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Resiliency

Resiliency / BUILDING BLOCKS OF RESILIENCY / RESILIENCY Principles

RESILIENCY

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“Resiliency is an inner capacity that when nurtured, facilitated, and supported by others empowers children, youth, and families to successfully meet life’s challenges with a sense of self-determination, mastery and hope (Resiliency Leadership Ohio, 2008).”

Resiliency is an ordinary developmental process that is available to all youth. Resiliency is not the result of special children with special qualities but instead arises from ordinary processes and conditions.

Resiliency develops over time and takes into account the interaction of: risk and protective factors; contextual conditions; and individual’s traits and abilities. In other words, the interaction of the person and context are important, and can be viewed from the Search Institute’s Framework of Developmental Assets which pulls many factors identified as contributing to healthy development—such as family dynamics, support from community adults, school effectiveness, peer influence, values development, and social skills—together into a comprehensive vision of what young people need to thrive. In general, the more assets a young person has, the greater the reduction of high-risk behaviors and the promotion of positive attitudes and behaviors.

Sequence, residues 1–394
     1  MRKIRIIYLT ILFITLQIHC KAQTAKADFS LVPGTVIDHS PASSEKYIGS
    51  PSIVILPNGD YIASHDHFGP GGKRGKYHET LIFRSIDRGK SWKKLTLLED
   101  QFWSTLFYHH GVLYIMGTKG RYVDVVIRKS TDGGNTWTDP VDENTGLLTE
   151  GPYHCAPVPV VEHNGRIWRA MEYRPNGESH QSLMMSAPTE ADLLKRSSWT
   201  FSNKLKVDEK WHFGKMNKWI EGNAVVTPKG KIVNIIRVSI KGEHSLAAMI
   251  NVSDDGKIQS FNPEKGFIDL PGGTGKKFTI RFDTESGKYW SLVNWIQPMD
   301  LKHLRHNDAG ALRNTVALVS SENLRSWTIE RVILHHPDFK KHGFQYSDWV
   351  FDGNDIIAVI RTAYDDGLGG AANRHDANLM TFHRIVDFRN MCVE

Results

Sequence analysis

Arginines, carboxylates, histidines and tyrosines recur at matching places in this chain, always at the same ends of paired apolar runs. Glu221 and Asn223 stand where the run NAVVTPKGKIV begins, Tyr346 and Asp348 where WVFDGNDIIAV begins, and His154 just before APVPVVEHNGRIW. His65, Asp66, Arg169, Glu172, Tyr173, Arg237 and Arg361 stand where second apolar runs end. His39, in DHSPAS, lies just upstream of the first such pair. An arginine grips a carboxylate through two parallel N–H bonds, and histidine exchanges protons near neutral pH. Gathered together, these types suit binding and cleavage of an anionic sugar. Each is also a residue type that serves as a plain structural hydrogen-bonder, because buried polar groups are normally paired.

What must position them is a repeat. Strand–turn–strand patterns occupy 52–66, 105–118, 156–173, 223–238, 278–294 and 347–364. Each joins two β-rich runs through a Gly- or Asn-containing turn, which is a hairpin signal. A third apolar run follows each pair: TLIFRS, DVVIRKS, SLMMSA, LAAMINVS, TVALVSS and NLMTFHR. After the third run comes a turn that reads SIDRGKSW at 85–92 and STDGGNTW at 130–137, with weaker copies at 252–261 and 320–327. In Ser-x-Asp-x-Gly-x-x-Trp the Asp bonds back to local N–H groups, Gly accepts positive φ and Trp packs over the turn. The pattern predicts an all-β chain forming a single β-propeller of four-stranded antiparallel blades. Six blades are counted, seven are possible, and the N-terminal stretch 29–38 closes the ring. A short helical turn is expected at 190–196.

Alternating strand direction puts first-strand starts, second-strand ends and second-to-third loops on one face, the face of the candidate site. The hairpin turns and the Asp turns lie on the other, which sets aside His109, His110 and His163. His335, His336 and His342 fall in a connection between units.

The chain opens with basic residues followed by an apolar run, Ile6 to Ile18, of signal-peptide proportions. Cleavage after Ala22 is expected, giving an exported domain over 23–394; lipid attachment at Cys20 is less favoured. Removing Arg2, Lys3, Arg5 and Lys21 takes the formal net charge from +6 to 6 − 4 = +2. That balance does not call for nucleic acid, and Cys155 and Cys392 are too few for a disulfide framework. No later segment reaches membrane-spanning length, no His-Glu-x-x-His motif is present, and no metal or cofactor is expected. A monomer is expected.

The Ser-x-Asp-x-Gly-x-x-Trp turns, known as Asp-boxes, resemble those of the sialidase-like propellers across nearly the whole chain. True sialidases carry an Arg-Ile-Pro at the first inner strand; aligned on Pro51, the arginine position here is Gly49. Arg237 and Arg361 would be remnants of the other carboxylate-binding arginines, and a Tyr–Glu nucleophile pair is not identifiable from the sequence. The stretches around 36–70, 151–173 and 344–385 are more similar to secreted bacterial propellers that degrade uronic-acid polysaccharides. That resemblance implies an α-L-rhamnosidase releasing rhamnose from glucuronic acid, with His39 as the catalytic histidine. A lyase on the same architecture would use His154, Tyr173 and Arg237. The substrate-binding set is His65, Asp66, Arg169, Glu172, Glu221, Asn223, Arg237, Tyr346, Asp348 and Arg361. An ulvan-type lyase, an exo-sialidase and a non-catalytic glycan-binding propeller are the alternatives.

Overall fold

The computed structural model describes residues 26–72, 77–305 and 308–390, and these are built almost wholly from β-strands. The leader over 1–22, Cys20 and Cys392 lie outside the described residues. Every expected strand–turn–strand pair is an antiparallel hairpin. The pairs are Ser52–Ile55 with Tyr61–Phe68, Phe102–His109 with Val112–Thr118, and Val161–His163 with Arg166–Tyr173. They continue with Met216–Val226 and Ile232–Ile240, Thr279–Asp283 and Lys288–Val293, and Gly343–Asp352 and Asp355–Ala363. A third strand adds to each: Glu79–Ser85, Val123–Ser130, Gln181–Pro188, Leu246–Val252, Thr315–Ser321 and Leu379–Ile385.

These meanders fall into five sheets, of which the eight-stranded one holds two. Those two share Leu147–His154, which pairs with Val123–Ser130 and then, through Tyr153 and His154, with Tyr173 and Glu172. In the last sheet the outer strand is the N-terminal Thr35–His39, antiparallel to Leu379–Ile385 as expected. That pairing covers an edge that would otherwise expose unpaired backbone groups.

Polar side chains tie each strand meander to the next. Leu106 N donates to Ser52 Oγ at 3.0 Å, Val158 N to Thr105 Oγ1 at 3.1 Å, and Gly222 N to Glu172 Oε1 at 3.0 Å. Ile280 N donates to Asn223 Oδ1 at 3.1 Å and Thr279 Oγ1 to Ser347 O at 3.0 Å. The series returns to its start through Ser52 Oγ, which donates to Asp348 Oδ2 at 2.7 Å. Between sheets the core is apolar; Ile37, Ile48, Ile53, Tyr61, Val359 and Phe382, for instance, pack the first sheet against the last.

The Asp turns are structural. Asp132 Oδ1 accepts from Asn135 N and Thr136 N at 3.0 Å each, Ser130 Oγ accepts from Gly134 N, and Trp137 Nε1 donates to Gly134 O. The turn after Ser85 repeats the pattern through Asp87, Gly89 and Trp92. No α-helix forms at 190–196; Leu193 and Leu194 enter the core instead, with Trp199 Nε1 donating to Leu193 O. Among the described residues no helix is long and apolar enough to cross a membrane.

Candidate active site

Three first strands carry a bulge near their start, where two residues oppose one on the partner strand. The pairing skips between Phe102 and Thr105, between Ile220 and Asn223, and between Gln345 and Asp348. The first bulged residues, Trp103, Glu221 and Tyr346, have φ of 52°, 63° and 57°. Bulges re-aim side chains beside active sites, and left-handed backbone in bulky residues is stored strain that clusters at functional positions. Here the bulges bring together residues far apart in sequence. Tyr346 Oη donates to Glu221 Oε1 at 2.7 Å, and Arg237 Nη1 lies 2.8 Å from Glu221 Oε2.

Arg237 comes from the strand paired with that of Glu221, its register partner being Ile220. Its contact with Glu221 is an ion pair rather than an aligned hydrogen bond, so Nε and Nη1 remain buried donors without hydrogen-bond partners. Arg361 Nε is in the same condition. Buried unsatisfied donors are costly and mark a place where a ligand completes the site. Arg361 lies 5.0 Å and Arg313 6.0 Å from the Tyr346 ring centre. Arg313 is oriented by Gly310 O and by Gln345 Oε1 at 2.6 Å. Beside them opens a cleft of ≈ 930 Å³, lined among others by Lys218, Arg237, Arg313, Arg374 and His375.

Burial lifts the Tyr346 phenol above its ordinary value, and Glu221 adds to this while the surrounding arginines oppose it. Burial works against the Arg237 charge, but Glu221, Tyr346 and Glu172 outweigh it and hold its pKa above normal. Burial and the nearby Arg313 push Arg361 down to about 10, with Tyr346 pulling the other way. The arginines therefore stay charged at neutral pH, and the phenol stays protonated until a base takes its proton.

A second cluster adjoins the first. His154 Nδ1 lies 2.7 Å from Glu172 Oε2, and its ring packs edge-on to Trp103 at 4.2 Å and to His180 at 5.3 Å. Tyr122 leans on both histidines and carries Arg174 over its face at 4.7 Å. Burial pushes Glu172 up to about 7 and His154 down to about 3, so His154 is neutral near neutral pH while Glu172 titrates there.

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BUILDING BLOCKS OF RESILIENCY

BASIC NEEDS & SUPPORTS—“What I Need”

1) Validation and Valuing